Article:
jlink
Wednesday, September 18, 2019

Recently, there has been a wave of body empowerment within mainstream society. I’ve been witness to absolutely wonderful campaigns and ads that promote confidence and self-esteem. There have also been many videos and articles comparing men and women in the fashion industry and the manner in which males and females are portrayed. I’ve seen articles that show what the “average” male and female actually look like and how this would appear if the fashion industry showed realistic images of men and women. This has come as a strong reaction to the very real issue of Photoshop within virtually every magazine, billboard, and music video.

The question that has been raised is whether this promotion of confidence negates the value of health. For instance, now that I am recovered from an eating disorder, should I simply forego health consciousness? Should I eat whatever I want and replace all meals with desserts because I experience inner confidence not related to my body? Should I disregard my physical health because I don’t believe that my value should be placed on appearance?

The disparity is between body-esteem and self-esteem. Body-esteem refers to feeling confident in and about one’s body while self-esteem is more about inner confidence to who you are as a person. I generally believe that when a person feels true self-esteem, the body-esteem will follow. However, whether a person experiences body-esteem or self-esteem, should this inner confidence cause the person to disregard what he puts into his body?

The short answer to this question is no; one should not ignore his physical health simply because he feels confident about himself beyond his body. Oftentimes, when I speak in schools or to professionals, the question comes up as to what I eat now and whether or not I’m still on a meal plan. And I tell them: I eat what I want. However, this does not mean that my days consist of highly fatty foods and an array of desserts. When I want Fettucini Alfredo, I eat it. When I want a salad, I have that. If I’m in the mood for a doughnut or a piece of cheesecake, I don’t generally stop myself. Yet, I’m also mindful of what I eat and practice intuitive eating. This means that I generally eat when I’m hungry and stop when I’m full. I’m aware of my body while I’m eating and I also pay attention to what my body is craving. I may not mindlessly eat what may be considered “junk food” (a discussion on that phrase is for another time), but I also don’t deprive myself; I don’t believe that food is meant to be numerical or something that we tally, but instead it should be enjoyed. I have found that when people approach food as somewhat of a chore it is less of an enjoyable experience.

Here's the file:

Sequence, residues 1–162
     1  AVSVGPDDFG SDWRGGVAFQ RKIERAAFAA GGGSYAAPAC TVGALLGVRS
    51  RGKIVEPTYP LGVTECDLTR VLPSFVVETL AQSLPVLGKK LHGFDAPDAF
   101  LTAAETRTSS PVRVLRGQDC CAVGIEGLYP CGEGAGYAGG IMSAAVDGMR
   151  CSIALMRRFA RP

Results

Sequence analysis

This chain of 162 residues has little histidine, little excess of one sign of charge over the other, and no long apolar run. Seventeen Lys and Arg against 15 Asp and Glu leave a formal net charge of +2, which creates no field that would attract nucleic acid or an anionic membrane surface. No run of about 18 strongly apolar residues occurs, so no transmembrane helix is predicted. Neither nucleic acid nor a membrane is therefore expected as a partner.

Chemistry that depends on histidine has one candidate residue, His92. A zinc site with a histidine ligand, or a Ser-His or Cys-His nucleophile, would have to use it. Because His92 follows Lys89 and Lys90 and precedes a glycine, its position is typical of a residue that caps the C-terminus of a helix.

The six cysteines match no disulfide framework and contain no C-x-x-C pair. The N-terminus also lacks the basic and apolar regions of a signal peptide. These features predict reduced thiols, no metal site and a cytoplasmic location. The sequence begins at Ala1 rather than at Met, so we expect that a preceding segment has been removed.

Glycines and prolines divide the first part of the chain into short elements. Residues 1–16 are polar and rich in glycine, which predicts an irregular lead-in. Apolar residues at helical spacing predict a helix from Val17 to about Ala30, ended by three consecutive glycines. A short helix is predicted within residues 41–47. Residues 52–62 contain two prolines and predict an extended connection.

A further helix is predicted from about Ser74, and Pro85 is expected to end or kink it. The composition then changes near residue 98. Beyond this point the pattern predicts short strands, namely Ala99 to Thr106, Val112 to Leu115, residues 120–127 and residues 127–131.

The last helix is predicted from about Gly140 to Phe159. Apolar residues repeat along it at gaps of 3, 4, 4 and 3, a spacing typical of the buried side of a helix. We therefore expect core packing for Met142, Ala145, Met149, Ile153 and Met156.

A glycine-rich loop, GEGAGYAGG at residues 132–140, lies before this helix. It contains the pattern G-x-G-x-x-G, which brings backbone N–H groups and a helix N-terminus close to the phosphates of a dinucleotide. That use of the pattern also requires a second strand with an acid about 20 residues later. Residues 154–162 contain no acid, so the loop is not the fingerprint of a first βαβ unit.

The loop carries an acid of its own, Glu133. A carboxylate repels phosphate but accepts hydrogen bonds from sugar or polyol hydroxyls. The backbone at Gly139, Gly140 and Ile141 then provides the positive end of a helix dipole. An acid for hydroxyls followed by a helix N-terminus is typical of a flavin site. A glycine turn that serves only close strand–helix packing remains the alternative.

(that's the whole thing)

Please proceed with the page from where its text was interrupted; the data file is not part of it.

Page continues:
At the same time, this does not mean that people should simply eat whatever they want all the time. There is a value in taking care of one’s body; from a religious perspective we are actually commanded to do so. There is a fine line between taking care of one’s body and obsessing to the point of orthorexia. Orthorexia is a subtype of anorexia that refers to a preoccupation with health and exercise. For instance, some individuals who obsess over juice diets and gluten-free or organic foods may be considered orthorexic. This does not mean that everyone who does so has an eating disorder, but placing too much weight on this type of diet can lead to disordered eating.

There must be a middle ground between eating without limits and then avoiding foods because of a fear of gaining weight. Rather than thinking purely about weight gain or purely about enjoying food, we must remember that our bodies are the vessels that house our souls. We eat to enjoy food and to give fuel to our bodies. This food should both nourish us as well as be enjoyable. It is important to be mindful of eating in moderation and not to overeat in excess. Additionally, we must enjoy the full range of foods just as we should enjoy the full range of experiences that life has to offer.

By Temimah Zucker